Furnace by Wayne Price
In his debut collection of short stories, Price has done the paring down already. Not even a foreword makes it in. The stories are raw and precise, and each one ends before you can get bored with overhearing the evidence of his viewpoint characters. What makes the characters interesting is the author's keen eye for how people behave when they think no one is watching. None of them are anything out of the ordinary, but Price has a rare gift for a sort of poetic framing narrative.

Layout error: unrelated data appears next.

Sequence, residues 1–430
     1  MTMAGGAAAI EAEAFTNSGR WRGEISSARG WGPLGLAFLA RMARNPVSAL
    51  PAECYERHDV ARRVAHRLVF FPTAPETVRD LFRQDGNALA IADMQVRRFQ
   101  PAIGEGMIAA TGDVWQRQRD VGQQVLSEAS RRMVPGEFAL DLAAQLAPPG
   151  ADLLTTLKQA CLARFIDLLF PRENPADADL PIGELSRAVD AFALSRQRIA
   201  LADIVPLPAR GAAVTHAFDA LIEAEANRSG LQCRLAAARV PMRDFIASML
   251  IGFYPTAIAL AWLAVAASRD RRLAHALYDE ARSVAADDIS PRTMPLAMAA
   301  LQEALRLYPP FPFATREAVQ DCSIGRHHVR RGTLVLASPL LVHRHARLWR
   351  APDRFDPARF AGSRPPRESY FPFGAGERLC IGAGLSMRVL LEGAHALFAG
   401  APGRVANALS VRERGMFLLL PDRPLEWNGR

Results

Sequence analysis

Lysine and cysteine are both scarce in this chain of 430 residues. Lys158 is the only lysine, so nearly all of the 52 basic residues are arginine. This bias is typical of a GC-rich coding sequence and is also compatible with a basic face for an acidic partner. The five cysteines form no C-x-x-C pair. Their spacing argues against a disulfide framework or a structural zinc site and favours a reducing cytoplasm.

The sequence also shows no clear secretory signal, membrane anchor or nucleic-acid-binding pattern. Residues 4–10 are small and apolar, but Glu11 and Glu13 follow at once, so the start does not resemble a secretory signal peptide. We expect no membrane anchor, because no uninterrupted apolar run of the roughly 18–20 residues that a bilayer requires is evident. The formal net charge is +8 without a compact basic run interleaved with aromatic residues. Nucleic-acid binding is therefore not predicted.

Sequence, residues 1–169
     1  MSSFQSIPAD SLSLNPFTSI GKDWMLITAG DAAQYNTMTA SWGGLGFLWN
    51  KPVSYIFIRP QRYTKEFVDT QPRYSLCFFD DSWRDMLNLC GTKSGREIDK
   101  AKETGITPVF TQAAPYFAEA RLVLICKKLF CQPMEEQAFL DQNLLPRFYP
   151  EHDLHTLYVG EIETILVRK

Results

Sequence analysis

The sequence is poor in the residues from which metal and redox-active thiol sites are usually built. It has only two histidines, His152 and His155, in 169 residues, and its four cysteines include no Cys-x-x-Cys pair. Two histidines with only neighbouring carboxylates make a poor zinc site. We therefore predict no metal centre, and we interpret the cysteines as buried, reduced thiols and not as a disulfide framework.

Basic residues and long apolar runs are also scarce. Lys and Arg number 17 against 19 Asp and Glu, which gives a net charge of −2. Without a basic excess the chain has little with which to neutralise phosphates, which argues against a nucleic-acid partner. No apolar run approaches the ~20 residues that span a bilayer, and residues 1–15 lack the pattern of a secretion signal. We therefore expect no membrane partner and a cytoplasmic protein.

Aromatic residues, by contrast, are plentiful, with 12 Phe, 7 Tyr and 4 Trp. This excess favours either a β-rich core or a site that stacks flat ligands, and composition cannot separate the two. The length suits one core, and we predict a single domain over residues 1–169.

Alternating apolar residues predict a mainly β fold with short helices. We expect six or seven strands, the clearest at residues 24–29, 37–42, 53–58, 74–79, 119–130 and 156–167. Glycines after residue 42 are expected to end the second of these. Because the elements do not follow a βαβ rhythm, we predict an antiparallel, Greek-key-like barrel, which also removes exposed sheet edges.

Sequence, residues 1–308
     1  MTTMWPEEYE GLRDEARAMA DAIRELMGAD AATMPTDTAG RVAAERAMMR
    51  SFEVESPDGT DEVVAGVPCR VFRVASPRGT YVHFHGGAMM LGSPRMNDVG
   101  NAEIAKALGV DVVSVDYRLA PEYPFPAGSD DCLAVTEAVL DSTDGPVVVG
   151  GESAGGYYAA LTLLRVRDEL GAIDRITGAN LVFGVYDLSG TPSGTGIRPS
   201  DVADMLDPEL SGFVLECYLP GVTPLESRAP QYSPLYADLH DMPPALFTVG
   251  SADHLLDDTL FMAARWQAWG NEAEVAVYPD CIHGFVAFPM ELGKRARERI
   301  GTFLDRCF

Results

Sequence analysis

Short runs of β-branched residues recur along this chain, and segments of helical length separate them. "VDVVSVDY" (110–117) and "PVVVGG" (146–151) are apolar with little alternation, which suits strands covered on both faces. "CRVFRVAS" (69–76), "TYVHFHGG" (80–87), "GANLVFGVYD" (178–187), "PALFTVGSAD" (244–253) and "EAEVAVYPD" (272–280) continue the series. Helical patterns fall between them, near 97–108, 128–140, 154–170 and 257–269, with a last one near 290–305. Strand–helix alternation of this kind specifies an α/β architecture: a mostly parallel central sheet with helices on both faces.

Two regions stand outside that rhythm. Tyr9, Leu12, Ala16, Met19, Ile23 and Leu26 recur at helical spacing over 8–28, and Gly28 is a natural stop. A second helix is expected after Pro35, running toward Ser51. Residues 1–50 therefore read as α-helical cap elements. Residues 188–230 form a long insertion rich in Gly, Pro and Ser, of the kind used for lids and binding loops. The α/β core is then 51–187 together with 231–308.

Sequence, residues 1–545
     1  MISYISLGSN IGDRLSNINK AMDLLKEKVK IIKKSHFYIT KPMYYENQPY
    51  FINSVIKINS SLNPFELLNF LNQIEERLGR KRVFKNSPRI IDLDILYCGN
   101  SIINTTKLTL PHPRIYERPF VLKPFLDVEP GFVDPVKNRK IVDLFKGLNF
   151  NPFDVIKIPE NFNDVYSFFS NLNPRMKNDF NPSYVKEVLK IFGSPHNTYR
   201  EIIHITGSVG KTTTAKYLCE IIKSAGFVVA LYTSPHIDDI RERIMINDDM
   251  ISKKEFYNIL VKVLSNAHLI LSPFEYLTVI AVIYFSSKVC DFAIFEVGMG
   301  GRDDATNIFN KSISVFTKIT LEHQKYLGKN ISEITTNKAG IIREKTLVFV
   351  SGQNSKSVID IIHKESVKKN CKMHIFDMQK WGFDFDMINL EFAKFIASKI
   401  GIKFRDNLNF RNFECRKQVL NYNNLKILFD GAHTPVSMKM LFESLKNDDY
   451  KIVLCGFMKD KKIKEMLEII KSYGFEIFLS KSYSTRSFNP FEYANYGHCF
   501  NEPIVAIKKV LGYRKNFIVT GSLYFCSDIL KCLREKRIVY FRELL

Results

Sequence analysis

His focus changes nicely as well, from an access weekend where the child is more like the parent, to a brief desperate adventure in Morocco where a reckless hiker finds out his guide knows who Brian Clough was. The effect in each story is a patchwork of word sketches, layered to give you the impression of a single crisis, with The Wedding Flowers being a particular highlight. These are extremely confident short stories, which somehow suggest that the author may reach a higher peak if he writes in a longer form, like the novel. Price was been awarded a Scottish Book Trust New Writer Award 2010/11, and you can see why.